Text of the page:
The International Society for Sexual Medicine (ISSM) cautions that, “in general, the practice is not considered effective and may even be harmful.”
A search of the scientific literature finds most research done on penis stretching has involved various stretching devices and tools. And even then, the evidence is limited.
Devices designed to manually or mechanically increase penis size generally work by one of two mechanisms: a vacuum or traction.
Vacuum devices. One small-scale study analyzed the penis size of men who used a vacuum device three times a week for 20 minutes each over a period of six months. The jelqing results were unimpressive.
The average penis length increased from 7.6cm to 7.9cm (or 2.99 inches to 3.11 inches), an increase of “no statistical significance,” and just 30 percent of participants were satisfied with the results of their work.
Traction devices. The evidence for penile-lengthening traction devices is only somewhat better. One study found the use of a penis stretcher called the Andro-Penis® could add 0.7 inches to the length of a soft penis after six months of all day use (or at least four to six hours a day).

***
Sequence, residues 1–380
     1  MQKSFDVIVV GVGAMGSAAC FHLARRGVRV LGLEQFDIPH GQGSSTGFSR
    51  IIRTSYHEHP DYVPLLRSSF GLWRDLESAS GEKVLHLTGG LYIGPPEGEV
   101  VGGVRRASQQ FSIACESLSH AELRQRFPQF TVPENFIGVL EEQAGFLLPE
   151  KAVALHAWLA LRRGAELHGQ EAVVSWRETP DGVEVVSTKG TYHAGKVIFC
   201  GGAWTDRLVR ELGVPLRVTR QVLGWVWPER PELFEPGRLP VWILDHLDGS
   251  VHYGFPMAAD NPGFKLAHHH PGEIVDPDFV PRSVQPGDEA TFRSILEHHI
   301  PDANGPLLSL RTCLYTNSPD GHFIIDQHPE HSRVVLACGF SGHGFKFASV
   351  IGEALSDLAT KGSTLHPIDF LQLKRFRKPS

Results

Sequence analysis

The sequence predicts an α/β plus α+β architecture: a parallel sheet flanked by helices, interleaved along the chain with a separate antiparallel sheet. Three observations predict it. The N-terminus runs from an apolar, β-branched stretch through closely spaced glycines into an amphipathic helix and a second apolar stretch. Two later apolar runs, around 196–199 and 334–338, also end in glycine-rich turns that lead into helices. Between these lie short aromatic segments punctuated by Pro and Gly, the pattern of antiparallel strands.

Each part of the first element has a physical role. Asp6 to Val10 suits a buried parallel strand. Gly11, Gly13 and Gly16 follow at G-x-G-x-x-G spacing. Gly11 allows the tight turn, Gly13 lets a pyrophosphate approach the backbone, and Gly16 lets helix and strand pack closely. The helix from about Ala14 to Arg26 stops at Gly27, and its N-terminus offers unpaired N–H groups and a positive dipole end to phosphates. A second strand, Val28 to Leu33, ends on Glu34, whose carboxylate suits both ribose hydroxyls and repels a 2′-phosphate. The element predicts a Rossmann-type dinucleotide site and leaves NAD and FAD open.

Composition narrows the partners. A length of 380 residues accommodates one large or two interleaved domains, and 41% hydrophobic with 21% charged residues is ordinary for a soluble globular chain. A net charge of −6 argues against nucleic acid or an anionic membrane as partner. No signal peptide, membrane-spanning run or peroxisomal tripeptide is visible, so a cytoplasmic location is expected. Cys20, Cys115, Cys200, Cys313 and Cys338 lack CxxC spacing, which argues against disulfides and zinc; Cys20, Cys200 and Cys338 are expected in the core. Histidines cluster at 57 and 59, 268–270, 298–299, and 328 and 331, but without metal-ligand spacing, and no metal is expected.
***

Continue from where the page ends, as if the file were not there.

Yes, you read that right. That’s roughly 720 hours of having your penis in traction for a gain of about one-half an inch. So, maybe if you’re not going anywhere for a long while, this could work.
Using penis exercises or devices for stretching may be fun, for a little while. They may even get you off. But the evidence for them actually working to make your dick bigger is lacking.
The good news is: you might not need it anyway. As we pointed out, many men with perfectly average penises believe them to be small. And women are far more likely to rate their partner’s penises as satisfactory than men themselves. (So don’t blame her for your big penis quest.)
The Mayo Clinic kindly points out that a rotund belly can make your penis look smaller.
So, if you need more incentive to drop a few bounds, a bigger looking penis is certainly alluring. Aside from that, you may need to get real with yourself about your penis and why you think it needs to be bigger.
If you’re measuring yourself against the guys you see in porn, stop. Learn to appreciate what you have.
If you’re concerned about her satisfaction, don’t assume it would be “fixed” with a bigger member. Instead, focus on the things you can improve — your confidence and your technique.